Unlike the real world, where managers and employees are judged on results and held accountable for their performance, in Washington, D.C., loyalty and partisanship almost always come first. Accountability comes later, if it comes at all.
This happens in every administration, and President Obama's is no different, as we've seen with the fatal mistakes made regarding the Fast & Furious gun program and in the assault on the U.S. consulate in Benghazi. Democrats, claiming to see these as partisan witch hunts designed to hurt the administration politically, circled the wagons. Obama stood loyally by Eric Holder and Hillary Clinton
Loyalty is generally a good thing, in politics, as in life. But Kathleen Sebelius and her agency's rollout of Obamacare is different.
Sebelius' department had 3½ years to prepare to implement the Affordable Care Act. No one ever suggested that commandeering one-sixth of the American economy would be an easy task. (Many Republicans suggested the opposite and were dismissed as killjoys for their efforts.) But after the debacle of the last two weeks, liberals and Democrats - not conservatives or Republicans - should be calling for Sebelius's head.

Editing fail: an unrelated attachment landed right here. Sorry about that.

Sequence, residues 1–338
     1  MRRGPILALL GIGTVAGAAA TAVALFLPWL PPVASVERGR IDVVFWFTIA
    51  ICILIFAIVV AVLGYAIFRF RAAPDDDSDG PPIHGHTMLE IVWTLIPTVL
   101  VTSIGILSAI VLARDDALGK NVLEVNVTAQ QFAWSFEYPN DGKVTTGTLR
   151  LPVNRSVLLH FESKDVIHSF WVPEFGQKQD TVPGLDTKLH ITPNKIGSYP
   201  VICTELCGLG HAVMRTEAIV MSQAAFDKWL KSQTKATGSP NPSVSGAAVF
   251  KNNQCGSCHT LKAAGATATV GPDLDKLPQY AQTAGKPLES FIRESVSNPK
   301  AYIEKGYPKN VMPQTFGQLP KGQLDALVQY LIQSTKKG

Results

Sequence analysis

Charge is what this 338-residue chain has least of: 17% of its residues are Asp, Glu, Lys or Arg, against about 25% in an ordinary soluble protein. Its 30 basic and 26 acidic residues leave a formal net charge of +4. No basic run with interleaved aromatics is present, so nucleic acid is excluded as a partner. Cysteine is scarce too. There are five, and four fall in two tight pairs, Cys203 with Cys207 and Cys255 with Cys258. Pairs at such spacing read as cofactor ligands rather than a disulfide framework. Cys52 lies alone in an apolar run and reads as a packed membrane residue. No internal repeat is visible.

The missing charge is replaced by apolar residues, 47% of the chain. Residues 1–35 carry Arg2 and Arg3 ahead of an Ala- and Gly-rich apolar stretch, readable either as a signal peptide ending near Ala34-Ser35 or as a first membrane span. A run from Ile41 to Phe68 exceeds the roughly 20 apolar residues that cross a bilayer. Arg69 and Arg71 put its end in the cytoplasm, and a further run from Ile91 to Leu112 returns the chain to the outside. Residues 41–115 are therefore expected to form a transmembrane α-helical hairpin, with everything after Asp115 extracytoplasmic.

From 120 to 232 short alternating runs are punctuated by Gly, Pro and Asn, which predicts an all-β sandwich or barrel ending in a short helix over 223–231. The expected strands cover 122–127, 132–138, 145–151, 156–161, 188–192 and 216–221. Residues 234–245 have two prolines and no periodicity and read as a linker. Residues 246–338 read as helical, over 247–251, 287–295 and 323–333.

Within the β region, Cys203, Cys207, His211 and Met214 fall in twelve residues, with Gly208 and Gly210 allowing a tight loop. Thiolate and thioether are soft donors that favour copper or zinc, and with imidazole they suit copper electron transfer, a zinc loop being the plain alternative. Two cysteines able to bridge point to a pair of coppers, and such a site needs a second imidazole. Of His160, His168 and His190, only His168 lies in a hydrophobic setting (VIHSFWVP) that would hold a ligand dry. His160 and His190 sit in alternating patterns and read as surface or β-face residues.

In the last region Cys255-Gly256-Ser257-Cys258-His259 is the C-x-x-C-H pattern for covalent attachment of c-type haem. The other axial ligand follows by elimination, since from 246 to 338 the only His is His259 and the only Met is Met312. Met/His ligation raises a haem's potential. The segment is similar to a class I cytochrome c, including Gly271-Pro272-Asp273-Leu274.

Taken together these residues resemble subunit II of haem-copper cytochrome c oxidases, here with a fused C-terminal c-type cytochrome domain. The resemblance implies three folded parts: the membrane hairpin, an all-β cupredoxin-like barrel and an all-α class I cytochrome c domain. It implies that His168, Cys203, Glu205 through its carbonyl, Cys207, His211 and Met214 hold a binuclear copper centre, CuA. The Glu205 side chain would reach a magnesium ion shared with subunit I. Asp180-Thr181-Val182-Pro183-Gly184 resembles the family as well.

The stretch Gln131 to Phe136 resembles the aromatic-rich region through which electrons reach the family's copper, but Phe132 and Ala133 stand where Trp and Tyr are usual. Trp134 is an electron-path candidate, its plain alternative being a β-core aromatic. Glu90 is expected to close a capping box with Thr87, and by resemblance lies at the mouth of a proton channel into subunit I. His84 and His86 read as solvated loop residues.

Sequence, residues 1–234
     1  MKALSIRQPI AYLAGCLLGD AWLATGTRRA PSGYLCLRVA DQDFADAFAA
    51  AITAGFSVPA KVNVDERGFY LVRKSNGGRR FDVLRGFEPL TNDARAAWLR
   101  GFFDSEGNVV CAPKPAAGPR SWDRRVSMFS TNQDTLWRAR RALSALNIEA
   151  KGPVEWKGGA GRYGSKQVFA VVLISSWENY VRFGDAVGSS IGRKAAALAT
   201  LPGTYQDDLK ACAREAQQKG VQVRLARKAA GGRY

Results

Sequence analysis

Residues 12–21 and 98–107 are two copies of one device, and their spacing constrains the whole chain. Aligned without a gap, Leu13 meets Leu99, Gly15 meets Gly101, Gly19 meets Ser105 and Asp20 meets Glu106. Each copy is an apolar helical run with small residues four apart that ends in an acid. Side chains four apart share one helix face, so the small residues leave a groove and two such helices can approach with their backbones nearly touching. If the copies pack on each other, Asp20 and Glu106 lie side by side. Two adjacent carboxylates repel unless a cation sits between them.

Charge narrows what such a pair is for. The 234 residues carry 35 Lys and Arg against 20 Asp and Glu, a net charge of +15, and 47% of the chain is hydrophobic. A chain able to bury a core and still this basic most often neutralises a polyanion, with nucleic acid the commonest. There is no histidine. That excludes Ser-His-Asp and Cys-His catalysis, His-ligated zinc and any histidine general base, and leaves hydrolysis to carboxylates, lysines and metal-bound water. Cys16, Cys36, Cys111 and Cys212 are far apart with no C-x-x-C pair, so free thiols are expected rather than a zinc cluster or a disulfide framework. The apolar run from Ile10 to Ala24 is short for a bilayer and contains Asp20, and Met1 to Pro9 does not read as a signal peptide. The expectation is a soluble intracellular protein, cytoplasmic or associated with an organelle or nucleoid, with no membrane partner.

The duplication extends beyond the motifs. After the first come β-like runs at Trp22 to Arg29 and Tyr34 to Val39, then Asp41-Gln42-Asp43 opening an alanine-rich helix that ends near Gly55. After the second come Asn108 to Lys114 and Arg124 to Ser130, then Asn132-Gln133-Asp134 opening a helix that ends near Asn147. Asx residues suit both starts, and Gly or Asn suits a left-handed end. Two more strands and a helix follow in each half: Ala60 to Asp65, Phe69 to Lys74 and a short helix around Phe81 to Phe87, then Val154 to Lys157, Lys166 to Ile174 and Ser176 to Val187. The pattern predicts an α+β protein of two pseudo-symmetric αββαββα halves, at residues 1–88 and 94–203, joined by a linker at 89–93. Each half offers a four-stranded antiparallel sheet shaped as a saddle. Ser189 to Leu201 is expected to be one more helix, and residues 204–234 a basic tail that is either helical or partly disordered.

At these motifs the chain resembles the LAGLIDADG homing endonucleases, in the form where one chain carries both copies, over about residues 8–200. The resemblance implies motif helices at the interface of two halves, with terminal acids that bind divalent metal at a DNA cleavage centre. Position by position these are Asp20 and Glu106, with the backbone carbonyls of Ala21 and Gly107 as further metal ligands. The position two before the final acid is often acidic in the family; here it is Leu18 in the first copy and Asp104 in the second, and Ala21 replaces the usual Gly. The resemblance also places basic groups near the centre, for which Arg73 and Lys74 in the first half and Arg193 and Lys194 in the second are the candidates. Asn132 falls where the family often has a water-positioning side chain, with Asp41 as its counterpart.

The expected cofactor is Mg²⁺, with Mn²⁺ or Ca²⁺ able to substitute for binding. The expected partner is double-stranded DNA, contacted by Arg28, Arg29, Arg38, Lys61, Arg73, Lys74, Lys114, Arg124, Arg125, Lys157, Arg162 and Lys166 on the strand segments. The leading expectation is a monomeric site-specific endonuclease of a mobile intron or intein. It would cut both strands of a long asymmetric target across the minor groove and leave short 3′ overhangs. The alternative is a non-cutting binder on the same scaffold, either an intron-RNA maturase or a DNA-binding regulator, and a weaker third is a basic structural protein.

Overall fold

The administration's handling of the implementation of Obamacare over the past three years has been a slow-moving train wreck: a mixture of embarrassing delays, hard-to-justify waivers, and assorted bad news about the unintended consequences of the law. Some of this was Sebelius's fault, some of it was not.
The crowning blunder came 10 days ago with the rollout of healthcare.gov
website, the centerpiece of the administration's effort to sign individuals up for coverage through the government-run health care exchanges that are at the heart of the legislation. To say this was vitally important to the overall success of the law is an understatement. It is the aspect of Obamacare that the president himself has said is utterly essential - and backed up those words by letting the federal government shut down rather that give in to Republican demands to gut it. Nonetheless, its premiere was a giant flop - and Kathleen Sebelius is responsible.